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Declining Unemployment Rate Could Complicate Inflation Fight

Last month, the national jobless rate fell to the lowest it has been since the 1960s, but the intense labor demand could spark even faster wage growth. Currently, inflation is at its highest in four decades.

(TNS) — The U.S. unemployment rate probably fell to 3.5 percent in April, matching the lowest reading since the 1960s, and many economists expect it to keep declining — potentially complicating the Federal Reserve’s fight against inflation.

The reason? Red-hot labor demand doesn’t appear to be cooling any time soon. Job openings and quits are back to fresh highs, and employment costs are growing at a record pace.

Such intense need for workers risks sparking even faster wage growth at a time when the Fed is already trying to tamp down the highest inflation in four decades.

“We’re going to be at historically very low unemployment rates very soon,” said Gad Levanon, chief economist at the Burning Glass Institute, a labor-market research group. “I don’t see what will reverse it unless we hit a recession.”

Fed officials, who on Wednesday boosted interest rates by the most since 2000, said in a statement after a two-day policy meeting that “job gains have been robust in recent months” and there’s been a substantial drop in the jobless rate.

The government’s report on Friday is expected to show employers added another 380,000 jobs in April, a moderate step down from March but still roughly double the average pace of payroll growth over the last expansion.

Road to 3 Percent

Calculations by Bloomberg Economics suggest it wouldn’t take much to get the jobless rate to 3 percent or lower by December.

That could pan out assuming that both the labor force participation rate rises to 62.9 percent from the current 62.4 percent, and the number of employed Americans increases by an average of 350,000 per month. That’s a little more than half the average pace of employment growth in the past two jobs reports as measured by the government’s monthly survey of households.

Fed Chair Jerome Powell said Wednesday that job creation will slow amid less-supportive fiscal and monetary policy, and greater participation will allow the jobless rate to hold around 3.5 percent this year, consistent with the central bank’s March projection. Powell also said it was “certainly possible” the unemployment rate may go down further.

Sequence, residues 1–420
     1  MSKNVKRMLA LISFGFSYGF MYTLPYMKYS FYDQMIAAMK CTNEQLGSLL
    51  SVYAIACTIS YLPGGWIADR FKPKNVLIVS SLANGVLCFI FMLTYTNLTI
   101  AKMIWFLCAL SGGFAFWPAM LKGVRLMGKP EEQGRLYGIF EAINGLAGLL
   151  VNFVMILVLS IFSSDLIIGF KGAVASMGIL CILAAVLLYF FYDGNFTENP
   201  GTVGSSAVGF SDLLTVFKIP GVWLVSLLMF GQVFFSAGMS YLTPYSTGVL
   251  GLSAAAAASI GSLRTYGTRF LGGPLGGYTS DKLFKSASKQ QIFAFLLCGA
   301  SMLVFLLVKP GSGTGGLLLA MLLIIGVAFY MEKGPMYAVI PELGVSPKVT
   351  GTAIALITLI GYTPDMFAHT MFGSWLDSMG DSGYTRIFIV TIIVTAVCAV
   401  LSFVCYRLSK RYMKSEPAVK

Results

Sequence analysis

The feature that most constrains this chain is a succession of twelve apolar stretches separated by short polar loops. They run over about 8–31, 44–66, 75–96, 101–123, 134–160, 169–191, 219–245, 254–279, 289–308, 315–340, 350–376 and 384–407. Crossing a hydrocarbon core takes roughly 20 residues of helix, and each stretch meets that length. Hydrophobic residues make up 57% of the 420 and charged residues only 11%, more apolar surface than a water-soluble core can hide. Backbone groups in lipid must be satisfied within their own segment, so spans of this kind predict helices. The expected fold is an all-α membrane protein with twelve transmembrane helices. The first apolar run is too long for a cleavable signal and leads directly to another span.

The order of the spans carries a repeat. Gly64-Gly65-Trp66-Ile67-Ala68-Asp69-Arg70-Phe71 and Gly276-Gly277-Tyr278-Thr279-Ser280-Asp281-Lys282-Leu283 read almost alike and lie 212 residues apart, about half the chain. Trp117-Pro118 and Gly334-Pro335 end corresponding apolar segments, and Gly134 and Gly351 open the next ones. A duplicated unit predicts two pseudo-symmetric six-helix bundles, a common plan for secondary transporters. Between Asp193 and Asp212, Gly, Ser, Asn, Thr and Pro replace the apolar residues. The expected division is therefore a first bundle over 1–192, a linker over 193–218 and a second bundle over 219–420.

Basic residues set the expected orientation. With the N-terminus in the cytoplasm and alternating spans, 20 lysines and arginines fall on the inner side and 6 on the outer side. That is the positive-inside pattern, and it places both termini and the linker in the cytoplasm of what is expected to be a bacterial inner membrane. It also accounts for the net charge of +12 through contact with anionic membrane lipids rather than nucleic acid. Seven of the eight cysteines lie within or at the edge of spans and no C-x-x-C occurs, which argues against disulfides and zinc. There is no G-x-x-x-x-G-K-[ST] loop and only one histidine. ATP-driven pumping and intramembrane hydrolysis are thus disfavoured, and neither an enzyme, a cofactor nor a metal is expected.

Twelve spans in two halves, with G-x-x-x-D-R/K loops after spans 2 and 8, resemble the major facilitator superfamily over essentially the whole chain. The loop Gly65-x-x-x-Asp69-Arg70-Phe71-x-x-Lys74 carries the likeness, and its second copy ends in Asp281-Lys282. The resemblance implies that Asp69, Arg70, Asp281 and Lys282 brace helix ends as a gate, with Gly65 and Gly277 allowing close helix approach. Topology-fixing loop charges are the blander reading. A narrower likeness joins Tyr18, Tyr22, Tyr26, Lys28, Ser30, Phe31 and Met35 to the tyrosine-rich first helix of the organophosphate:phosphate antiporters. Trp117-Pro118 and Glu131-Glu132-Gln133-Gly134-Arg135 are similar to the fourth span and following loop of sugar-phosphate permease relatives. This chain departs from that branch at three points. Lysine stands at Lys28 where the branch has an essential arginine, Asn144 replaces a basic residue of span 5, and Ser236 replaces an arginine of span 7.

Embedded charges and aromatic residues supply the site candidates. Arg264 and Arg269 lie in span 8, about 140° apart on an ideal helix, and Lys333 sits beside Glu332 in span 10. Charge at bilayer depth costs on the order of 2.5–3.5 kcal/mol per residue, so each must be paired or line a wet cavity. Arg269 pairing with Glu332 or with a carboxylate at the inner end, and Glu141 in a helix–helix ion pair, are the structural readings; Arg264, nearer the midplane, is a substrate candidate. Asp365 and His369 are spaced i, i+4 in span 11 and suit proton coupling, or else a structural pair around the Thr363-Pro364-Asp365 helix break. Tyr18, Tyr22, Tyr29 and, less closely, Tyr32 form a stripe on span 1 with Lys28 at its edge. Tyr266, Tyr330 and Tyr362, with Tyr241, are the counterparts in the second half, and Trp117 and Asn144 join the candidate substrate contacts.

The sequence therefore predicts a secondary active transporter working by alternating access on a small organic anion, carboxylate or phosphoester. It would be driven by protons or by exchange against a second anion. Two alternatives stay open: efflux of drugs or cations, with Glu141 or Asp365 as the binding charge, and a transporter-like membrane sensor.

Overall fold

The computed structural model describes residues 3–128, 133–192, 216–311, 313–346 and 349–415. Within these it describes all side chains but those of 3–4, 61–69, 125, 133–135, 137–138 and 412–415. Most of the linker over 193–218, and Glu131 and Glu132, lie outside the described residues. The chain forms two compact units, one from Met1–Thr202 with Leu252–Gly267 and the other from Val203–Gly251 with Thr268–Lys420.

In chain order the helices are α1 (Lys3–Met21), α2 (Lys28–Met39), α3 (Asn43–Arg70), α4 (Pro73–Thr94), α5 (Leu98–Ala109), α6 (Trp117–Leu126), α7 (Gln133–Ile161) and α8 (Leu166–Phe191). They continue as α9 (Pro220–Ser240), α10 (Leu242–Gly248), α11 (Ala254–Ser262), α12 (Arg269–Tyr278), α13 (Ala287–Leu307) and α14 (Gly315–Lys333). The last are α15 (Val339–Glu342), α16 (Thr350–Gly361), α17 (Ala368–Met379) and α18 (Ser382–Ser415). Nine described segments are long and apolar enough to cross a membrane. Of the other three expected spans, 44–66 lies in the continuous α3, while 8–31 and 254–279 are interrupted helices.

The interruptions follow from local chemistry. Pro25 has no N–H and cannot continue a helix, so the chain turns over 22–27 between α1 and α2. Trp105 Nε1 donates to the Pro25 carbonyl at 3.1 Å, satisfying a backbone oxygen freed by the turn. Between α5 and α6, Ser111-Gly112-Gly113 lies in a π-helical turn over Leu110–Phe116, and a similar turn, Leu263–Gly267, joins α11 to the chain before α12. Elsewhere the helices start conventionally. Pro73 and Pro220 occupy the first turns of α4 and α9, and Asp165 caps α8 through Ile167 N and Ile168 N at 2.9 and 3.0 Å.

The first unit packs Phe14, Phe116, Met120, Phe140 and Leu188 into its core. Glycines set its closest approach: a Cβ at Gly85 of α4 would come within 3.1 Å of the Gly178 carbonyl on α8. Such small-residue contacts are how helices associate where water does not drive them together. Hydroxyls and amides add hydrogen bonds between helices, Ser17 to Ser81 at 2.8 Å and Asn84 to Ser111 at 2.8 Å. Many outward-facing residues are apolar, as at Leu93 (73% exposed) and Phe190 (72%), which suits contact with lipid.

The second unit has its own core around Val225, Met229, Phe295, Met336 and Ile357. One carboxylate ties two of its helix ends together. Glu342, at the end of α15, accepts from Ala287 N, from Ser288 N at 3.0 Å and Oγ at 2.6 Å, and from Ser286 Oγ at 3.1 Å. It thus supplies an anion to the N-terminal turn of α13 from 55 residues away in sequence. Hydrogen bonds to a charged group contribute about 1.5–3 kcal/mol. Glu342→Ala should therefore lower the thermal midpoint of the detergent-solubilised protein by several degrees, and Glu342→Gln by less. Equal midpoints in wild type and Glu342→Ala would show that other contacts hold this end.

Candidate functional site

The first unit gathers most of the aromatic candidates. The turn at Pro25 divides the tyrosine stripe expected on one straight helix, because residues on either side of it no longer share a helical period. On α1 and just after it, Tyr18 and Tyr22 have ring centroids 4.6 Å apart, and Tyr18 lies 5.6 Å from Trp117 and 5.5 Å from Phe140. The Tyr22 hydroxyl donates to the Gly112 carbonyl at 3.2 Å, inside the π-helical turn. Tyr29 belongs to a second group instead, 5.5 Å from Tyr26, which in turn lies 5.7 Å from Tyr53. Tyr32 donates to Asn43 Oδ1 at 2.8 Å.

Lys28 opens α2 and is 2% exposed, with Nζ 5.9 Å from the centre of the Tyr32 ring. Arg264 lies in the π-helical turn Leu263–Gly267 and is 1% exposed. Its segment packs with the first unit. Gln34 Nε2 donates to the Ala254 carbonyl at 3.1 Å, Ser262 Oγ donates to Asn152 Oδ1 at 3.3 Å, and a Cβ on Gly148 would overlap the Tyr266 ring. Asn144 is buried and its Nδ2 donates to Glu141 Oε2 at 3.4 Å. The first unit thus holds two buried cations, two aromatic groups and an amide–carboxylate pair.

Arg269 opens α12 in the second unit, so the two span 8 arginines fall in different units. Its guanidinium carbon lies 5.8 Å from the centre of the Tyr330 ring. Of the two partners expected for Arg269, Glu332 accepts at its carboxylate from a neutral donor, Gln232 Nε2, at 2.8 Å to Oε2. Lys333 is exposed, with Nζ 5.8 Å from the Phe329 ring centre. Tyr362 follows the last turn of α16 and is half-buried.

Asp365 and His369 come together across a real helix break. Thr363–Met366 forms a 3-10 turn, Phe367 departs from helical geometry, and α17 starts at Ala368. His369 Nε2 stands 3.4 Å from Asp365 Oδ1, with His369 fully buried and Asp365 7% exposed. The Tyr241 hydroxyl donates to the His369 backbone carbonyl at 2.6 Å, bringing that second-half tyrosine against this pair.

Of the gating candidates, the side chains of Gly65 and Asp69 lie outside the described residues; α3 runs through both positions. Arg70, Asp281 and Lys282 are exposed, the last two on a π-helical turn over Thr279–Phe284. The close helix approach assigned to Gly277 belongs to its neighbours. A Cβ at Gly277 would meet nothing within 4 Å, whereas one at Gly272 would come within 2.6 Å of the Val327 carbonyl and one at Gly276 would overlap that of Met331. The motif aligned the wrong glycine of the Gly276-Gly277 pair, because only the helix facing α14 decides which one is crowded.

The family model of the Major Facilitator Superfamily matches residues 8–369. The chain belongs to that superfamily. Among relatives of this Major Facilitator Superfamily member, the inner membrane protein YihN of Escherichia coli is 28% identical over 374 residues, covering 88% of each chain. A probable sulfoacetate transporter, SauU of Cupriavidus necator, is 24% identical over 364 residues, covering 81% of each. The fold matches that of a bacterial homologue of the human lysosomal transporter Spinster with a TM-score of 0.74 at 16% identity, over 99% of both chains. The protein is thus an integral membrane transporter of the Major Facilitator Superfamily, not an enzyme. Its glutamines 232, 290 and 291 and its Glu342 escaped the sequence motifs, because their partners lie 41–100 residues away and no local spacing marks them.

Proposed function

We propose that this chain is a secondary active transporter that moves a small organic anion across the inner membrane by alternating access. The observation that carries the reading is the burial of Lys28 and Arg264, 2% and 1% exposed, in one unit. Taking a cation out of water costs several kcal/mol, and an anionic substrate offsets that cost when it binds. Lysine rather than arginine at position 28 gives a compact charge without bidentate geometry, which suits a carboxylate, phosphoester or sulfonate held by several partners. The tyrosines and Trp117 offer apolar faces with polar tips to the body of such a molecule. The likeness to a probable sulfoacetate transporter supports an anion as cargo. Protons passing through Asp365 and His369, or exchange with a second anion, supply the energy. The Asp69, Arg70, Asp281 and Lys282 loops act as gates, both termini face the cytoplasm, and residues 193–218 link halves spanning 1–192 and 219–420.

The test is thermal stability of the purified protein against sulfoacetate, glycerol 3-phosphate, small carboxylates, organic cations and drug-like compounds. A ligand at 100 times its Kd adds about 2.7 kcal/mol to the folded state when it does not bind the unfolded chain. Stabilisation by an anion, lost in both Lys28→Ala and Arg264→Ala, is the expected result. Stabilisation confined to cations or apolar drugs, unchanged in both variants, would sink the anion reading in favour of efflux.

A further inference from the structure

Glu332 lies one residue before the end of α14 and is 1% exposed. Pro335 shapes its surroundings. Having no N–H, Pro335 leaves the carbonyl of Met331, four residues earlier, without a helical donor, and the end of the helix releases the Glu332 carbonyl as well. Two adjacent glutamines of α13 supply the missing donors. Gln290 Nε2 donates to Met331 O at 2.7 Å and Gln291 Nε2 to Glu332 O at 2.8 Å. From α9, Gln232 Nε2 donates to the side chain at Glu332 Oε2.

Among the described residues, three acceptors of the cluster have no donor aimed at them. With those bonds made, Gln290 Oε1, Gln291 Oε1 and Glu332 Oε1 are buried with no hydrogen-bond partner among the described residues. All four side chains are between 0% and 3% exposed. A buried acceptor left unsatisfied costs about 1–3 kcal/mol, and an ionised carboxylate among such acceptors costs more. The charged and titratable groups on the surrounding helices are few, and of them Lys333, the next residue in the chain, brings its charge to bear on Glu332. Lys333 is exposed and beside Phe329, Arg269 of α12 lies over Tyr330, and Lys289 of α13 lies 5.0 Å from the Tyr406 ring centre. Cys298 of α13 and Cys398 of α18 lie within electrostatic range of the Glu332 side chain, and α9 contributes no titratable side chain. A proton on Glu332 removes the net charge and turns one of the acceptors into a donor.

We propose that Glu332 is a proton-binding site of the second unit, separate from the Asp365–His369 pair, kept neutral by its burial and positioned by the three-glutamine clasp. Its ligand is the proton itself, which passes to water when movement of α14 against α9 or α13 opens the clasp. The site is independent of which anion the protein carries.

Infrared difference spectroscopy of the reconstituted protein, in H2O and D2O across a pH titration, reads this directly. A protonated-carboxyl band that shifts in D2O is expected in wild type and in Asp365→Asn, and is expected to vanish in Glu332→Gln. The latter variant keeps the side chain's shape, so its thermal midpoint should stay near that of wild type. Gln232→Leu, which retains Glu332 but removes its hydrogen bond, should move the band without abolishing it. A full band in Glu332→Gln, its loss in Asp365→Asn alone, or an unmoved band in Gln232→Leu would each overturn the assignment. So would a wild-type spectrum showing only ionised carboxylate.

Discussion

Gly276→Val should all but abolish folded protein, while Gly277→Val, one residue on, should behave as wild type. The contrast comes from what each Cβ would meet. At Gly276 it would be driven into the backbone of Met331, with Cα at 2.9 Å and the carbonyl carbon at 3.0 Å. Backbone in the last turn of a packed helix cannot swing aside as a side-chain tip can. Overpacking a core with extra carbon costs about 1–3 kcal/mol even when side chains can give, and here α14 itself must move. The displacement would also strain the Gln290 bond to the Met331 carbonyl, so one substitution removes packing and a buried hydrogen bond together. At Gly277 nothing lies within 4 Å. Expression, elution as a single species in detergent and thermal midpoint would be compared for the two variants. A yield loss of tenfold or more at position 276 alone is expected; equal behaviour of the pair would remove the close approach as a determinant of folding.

“We could see the unemployment rate fall quite a lot further — to 3 percent, perhaps even below,” said Julia Pollak, chief economist at ZipRecruiter, a job-search website.

Survey comments from both the Institute for Supply Management’s latest manufacturing and service sector reports underscored persistent — and worsening — employment challenges. As of March, there were 1.9 job openings per unemployed worker — the largest such gap in government data back to late 2000.

That’s one reason why the pace of wage growth may hold at exceptionally high levels and remain an enduring source of inflationary pressure.

“As long as the gap between demand and supply remains wide – or widens more as it did with this data – the upward pressure on wages will persist,” said Michelle Meyer, U.S. chief economist at Mastercard Economics Institute.

The jobs report is projected to show another healthy wage gain. Average hourly earnings are estimated to have risen 0.4 percent from a month earlier and 5.5 percent from a year earlier. That comes on the heels of data out last week that showed private-industry wages and salaries increased 1.3 percent in the first quarter. Even so, inflation continues to outpace wage growth for most people.

There’s also greater breadth of pay gains. The share of individuals who have experienced no change in wages over the last year has fallen to just 11 percent, calculations by the Federal Reserve Bank of Atlanta show. That’s the lowest proportion since 2007.

Still, Nick Bunker, economic research director at jobs website Indeed Inc., said while the labor market isn’t cooling, “the temperature isn’t rising like it was last year.” And that could mean a leveling off in wage growth.

Bunker expects private-sector wages, which were up 5 percent in the 12 months through both December and March, will hold in that vicinity in the near term, but may tick down over the course of the year as workers continue to come back.

©2022 Bloomberg L.P. Distributed by Tribune Content Agency, LLC.
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